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Fenemic Phones and Their Sisters: Topology and Design of Markov Source Models With Minimum Length Constraints for Use in a Speech Recognition System

IP.com Disclosure Number: IPCOM000121429D
Original Publication Date: 1991-Sep-01
Included in the Prior Art Database: 2005-Apr-03
Document File: 2 page(s) / 77K

Publishing Venue

IBM

Related People

Bahl, LR: AUTHOR [+3]

Abstract

In one prominent approach to speech recognition, the pronunciation of a word is represented by a Markov source model which consists of one or more so-called leafforms. Each leafform typically models the pronunciation of one phoneme and consists of a sequence of subword Markov models called fenemic phones. The most common topology of a fenemic phone is a two-state model with 3 arcs emanating from the first state: a non-deletable arc leading back to the first state, a non-deletable arc leading to the second state, and a deletable arc leading to the second state.

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Fenemic Phones and Their Sisters: Topology and Design of Markov Source
Models With Minimum Length Constraints for Use in a Speech Recognition
System

      In one prominent approach to speech recognition, the
pronunciation of a word is represented by a Markov source model which
consists of one or more so-called leafforms. Each leafform typically
models the pronunciation of one phoneme and consists of a sequence of
subword Markov models called fenemic phones.  The most common
topology of a fenemic phone is a two-state model with 3 arcs
emanating from the first state:  a non-deletable arc leading back to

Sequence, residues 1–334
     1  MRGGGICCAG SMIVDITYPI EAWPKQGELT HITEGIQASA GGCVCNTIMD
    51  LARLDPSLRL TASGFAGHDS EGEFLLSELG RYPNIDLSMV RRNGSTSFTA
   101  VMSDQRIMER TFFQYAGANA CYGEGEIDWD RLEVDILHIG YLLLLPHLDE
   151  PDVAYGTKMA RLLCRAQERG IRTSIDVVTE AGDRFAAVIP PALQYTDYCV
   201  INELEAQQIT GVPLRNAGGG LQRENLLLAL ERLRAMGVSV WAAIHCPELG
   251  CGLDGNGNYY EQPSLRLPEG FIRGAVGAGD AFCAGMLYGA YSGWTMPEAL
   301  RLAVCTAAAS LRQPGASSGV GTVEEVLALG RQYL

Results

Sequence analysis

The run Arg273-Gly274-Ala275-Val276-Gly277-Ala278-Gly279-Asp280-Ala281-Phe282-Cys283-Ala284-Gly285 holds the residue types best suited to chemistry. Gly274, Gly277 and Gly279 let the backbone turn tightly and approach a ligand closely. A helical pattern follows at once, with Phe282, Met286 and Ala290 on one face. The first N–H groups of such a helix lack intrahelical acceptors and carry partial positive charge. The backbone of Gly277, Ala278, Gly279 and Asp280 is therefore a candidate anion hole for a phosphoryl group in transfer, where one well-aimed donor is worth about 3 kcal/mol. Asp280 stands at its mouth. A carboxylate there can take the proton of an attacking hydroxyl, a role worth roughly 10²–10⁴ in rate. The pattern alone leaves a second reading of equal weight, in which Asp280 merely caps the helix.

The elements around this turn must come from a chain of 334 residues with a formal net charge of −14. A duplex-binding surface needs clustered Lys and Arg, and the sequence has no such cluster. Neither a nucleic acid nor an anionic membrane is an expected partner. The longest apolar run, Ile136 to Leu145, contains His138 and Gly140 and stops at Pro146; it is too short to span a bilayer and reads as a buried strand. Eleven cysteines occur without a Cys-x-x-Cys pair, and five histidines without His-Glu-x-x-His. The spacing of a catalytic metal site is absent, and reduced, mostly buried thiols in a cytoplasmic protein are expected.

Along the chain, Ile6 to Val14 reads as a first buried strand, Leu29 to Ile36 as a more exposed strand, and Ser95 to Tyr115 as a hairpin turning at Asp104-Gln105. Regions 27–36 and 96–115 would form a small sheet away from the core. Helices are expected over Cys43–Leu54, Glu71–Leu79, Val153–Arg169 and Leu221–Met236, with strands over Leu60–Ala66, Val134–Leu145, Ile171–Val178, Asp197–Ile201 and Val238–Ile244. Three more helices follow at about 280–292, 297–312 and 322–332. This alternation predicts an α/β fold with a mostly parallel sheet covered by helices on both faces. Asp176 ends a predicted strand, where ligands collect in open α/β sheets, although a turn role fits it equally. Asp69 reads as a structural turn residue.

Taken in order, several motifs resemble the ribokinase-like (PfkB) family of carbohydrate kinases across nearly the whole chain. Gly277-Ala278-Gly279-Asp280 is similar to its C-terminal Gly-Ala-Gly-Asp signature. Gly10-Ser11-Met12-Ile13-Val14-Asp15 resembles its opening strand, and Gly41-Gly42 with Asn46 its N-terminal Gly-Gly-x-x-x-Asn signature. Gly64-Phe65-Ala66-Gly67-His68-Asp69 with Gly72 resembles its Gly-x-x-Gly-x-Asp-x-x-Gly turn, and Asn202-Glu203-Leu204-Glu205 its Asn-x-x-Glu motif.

the first state, a non-deletable arc leading to the second state, and
a deletable arc leading to the second state.

      Since the probability of traversing the deletable arc is
usually non-zero, it is possible to get from the first state of a
fenemic phone to the last state without producing any outputs.  And
since a leafform is a sequence of these deletable fenemic phones, it
is also possible to get from the first state of a leafform to the
last state without producing any outputs.  Thus, a leafform can
usually be deleted entirely, which also implies that an entire word
can be deleted entirely.

      In real speech however, content words are not generally
deletable, and in many contexts certain phones (like stressed vowels)
are not deletable.  The present invention provides a means of
enforcing minimum length constraints on leafforms and, hence, on
words, so as to bring the models more into line with what is observed
in practice.

      We will assume the existence of a set of leafforms expressed in
terms of an alphabet of two-state three-arc fenemic phones.  The
following steps are performed.
(1)  For each phone in the alphabet of fenemic phones, create a
"sist...